Visualising truth: incorporating participatory media projects into documentary methodology

Martin, Thomas (2016) Visualising truth: incorporating participatory media projects into documentary methodology. In: IPRA (International Peace Research Association) Conference, Freetown, Sierra Leone, 2016, 27 November - 1 December 2016, Freetown, Sierra Leone.

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Abstract

As a documentary photographer working in humanitarian development, my job is to capture a situation authentically, honestly and in a visually compelling way. To me, this creates a fundamental conflict - how do I aestheticise while remaining true to the subject? Is it appropriate to aestheticise at all? So often, the work which is deemed to be the most successful represents the darkest environments and most desperate human situations, in a highly aestheticised or beautiful way (Nehamas, 2001).
Among my other documentary work, I have helped facilitate Participatory Photo Projects (PPP) in Bangladesh and South Sudan that as part of a wider peacebuilding program apply theories of Communication for Social Change (CSC). These projects seek to use communication and media to form relationships and understanding between members of a community at risk of violence or conflict (Bau, 2014).
The broad range of effects and benefits of PPP on participants is a well-researched area, but often the visual material created is seen as a by-product, with a limited life beyond the project’s primary aims. In this paper I primarily examine the images themselves, created by the participants. The focus is on the uniquely intimate insight created by people from within their community, compared with the culturally distant and even imperialist viewpoint of the external international photographer (Brickell, et al, 2011).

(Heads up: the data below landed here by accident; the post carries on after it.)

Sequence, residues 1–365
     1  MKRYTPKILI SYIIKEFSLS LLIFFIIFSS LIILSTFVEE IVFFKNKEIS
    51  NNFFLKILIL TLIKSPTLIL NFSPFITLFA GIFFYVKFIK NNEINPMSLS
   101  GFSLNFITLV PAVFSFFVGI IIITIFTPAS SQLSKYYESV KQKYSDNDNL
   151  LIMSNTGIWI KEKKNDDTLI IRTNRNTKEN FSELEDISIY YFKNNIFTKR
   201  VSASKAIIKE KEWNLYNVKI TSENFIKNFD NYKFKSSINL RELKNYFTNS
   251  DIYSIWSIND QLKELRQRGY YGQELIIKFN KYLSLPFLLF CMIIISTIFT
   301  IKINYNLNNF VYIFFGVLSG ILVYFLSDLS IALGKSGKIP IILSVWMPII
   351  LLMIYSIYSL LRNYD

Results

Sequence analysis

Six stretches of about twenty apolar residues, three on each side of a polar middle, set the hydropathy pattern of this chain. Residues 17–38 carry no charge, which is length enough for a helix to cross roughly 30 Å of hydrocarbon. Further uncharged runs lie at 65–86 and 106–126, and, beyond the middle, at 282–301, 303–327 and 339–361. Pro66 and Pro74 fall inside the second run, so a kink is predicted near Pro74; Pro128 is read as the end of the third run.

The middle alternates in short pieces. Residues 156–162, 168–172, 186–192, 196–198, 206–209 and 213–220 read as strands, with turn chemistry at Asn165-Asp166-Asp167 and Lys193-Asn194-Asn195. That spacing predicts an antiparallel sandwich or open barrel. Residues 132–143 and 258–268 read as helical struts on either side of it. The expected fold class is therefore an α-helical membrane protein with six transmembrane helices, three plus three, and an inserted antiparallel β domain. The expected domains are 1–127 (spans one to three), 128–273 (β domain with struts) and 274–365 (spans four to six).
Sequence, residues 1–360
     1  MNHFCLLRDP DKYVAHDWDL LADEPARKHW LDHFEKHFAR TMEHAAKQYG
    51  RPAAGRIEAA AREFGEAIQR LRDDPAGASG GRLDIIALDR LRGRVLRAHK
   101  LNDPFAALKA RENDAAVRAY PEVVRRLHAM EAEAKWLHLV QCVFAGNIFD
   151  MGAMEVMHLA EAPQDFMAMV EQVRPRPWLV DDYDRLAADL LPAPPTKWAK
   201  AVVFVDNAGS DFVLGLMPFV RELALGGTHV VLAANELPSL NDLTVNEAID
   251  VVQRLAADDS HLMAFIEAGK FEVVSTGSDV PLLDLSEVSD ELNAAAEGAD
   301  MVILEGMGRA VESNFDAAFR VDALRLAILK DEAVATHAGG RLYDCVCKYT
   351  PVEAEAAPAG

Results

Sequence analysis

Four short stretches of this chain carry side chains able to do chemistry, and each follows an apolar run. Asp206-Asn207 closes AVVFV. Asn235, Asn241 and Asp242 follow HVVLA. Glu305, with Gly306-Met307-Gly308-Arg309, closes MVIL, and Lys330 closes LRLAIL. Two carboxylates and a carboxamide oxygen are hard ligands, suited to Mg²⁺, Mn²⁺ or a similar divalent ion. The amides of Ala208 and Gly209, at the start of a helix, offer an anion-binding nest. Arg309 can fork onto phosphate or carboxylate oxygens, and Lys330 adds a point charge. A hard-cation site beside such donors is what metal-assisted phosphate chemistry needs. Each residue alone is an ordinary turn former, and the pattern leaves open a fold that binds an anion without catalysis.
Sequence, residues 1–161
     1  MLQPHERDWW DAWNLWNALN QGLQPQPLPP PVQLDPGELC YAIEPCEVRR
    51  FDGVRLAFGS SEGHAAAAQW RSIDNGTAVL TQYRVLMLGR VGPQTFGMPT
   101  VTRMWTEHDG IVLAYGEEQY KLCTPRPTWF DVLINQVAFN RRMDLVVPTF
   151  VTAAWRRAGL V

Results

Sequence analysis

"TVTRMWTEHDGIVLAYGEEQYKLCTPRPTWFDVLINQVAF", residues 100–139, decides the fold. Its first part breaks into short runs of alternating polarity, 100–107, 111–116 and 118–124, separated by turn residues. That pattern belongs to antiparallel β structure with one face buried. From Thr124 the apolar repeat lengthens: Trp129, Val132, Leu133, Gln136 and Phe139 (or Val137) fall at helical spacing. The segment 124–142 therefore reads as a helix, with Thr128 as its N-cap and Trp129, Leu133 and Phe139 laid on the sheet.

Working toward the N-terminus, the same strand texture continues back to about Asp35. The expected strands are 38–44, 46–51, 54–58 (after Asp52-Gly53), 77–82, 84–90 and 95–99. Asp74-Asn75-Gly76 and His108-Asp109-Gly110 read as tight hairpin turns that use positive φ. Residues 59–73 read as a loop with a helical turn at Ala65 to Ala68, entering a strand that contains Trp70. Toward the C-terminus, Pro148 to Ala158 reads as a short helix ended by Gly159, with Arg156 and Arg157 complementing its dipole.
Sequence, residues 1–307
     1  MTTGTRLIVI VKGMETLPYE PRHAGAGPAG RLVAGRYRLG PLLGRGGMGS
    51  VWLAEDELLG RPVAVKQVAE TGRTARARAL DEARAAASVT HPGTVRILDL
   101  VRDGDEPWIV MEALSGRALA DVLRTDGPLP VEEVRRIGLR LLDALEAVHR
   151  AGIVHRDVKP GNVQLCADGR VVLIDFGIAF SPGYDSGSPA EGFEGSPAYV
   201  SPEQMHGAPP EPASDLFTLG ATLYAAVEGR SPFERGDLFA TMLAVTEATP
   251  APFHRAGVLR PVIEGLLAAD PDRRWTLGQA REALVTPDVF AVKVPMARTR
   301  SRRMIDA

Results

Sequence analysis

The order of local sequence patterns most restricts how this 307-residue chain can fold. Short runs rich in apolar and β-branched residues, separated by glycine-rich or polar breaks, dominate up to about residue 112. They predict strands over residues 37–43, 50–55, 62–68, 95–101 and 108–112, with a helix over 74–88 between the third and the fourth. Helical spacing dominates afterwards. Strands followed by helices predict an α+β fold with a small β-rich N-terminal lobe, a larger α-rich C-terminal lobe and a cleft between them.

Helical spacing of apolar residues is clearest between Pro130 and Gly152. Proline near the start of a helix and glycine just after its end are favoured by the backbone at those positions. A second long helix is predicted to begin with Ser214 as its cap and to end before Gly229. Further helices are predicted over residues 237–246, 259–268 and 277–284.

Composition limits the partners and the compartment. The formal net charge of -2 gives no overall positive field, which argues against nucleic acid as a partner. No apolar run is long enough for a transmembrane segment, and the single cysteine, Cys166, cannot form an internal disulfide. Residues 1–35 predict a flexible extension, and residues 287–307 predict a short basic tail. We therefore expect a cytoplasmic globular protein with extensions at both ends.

PPP provides a new perspective, creating images which are closer to truth, conveying narratives which are owned by the participants and subjects themselves. This provides a direct conduit to the issues concerning the participant. Most usefully, it removes a layer of the negotiation needed to discover, explore and effectively communicate a situation and its associated issues.
As the images are created by the participants they too are products of and belong to the situation which they document. Keenan and Weizmann (2012) discuss the agency of objects presented as evidence in a forensic scenario; as the photographic image objectifies place, time and event, so the participatory image intensifies this agency by creating evidence from within the given situation.
Incorporating the lessons learnt from observing these participatory methods can transform our (documentary photographers’) ability to document and represent the activities of NGOs.
More broadly; do established conventions help or hinder when trying to communicate an authentic portrayal of a given situation?

Keywords:Peace, documentary, Photography, Documenatry Photography, Africa, Sierra Leone, Representation, Postconflict behavior, Conflict, Post Conflict Peacebuilding, Participatory
Subjects:X Education > X200 Research and Study Skills in Education
W Creative Arts and Design > W213 Visual Communication
W Creative Arts and Design > W600 Cinematics and Photography
W Creative Arts and Design > W212 Multimedia Design
W Creative Arts and Design > W640 Photography
X Education > X300 Academic studies in Education
Divisions:College of Arts > Lincoln School of Film & Media > Lincoln School of Film & Media (Media)
ID Code:28135
Deposited On:02 Aug 2017 21:04

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